Argentina Price Freeze Rep. Pic
As a way of reducing the effects of inflation in the country, the Argentinian government has announced a price freeze of at least 1,500 products as a way of ensuring the buying power of the public. This is a representational image. Jacopo Maia/Unsplash.

As Argentina suffers one of its worst economic crises, the inflation rate has crossed 100%.

It crossed the three figure for the first time since the end of hyperinflation in the early 90s, reported BBC.

The National Institute of Statistics and Census, the country's statistics agency, said that inflation reached 102.5% last month. It means that the price of many consumer goods has more than doubled since last year.

The country has been in economic difficulty for years, with many people now living in poverty.

As retiree Irene Devita checked grocery prices in a market fair in San Fernando, which is on the outskirts of Buenos Aires, she said that there is nothing left.

The 74-year-old said that "there's no money, people don't have anything, so how do they buy?"

The Guardian reported that with inflation so high, prices of goods change almost every week.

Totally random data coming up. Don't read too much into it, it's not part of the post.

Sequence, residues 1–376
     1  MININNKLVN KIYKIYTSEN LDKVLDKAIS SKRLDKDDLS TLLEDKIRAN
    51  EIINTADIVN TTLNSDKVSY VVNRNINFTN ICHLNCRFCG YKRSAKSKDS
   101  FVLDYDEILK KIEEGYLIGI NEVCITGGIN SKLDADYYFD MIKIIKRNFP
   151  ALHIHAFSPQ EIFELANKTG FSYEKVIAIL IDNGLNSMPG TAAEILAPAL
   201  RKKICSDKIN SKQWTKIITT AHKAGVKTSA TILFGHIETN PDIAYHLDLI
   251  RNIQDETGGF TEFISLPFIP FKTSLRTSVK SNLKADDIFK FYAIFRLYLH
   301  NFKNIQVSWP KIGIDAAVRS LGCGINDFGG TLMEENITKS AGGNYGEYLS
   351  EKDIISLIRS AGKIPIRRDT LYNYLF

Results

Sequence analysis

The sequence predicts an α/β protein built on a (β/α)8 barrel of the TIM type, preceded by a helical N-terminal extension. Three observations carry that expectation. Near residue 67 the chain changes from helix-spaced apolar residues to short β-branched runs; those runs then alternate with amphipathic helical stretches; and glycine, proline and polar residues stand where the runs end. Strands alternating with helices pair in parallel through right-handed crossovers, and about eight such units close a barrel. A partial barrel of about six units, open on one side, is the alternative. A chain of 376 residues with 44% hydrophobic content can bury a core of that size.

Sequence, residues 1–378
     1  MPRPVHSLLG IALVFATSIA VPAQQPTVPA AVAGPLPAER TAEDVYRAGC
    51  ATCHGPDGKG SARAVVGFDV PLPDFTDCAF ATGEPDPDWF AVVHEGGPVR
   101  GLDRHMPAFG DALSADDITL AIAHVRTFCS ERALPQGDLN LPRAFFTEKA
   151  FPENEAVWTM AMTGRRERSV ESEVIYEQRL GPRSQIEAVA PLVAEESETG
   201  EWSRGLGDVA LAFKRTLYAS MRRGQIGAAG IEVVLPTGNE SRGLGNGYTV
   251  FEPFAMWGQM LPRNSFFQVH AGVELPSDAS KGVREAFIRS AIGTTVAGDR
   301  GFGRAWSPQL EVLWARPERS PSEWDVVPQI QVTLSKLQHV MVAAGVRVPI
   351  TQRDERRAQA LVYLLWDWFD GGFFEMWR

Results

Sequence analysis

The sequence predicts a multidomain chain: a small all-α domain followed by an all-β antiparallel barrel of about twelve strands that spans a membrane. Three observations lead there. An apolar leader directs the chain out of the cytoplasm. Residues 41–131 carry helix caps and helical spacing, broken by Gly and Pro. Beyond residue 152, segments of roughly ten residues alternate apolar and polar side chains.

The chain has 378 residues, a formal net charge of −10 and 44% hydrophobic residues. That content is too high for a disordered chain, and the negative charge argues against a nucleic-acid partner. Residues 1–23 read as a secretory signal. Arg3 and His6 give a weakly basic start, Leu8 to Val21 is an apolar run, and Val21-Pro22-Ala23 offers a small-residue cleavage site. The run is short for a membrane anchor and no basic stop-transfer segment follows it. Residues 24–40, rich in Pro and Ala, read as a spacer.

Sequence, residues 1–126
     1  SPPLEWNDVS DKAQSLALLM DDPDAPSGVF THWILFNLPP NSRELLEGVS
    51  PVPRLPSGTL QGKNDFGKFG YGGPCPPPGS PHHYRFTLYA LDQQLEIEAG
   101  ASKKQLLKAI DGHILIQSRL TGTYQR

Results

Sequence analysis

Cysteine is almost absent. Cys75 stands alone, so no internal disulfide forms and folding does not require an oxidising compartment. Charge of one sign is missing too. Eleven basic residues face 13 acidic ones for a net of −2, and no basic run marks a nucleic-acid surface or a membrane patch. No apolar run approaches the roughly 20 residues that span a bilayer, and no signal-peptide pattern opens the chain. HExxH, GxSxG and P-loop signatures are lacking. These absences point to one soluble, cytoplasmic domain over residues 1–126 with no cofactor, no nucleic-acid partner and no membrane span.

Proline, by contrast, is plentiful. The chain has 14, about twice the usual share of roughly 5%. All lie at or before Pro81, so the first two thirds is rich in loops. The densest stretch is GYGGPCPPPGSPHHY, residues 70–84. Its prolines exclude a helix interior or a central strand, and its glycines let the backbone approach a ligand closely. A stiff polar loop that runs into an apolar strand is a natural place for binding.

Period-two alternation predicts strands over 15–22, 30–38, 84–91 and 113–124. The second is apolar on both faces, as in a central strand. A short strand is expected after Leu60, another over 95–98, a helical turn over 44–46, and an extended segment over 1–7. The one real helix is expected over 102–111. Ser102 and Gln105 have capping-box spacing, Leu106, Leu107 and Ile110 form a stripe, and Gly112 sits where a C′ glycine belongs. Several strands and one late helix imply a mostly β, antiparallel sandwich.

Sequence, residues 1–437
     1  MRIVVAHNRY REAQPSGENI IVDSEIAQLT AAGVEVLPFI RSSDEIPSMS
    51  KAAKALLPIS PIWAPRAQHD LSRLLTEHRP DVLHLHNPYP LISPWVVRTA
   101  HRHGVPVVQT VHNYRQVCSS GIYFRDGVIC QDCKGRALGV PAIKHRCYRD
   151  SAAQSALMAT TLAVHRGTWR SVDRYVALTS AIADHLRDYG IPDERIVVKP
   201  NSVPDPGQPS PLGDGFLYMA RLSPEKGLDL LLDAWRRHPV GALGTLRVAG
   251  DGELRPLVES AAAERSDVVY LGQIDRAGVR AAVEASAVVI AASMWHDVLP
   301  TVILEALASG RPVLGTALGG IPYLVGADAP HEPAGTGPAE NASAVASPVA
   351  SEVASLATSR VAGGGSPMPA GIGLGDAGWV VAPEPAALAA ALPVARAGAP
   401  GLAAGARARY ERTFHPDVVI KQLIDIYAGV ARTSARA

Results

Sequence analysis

Devita shared that the other day she wanted to buy two bananas, three tangerines, two oranges, and half a kilo of tomatoes. When she was told that it would cost her $3.22, she told the shop keeper to take everything out and "leave just the tomatoes because I don't have enough money."

Inflation often leads to frustration and anger in Argentina, as salaries often fall behind the cost of goods. This is despite the government taking steps to cap prices and limit grain exports in order to boost domestic supply.

Patricia Quiroga, a 50-year-old shopper, said that 100% inflation in the country was not possible to bear

She told Reuters that she is tired of all this, of the "politicians who fight while the people die of hunger." She added that this "can't go on any more."

The food and drink sectors in. Argentina saw prices growing by 9.8% in February compared to the first month of the year.

The effects of soaring inflation have long been felt in the country.

In September 2022, protesters demanded action to counter rising costs of living. Last month, Argentina's central bank said that a new 2,000-peso ($9.9) banknote would be issued. It was in response to the rise in consumer prices.

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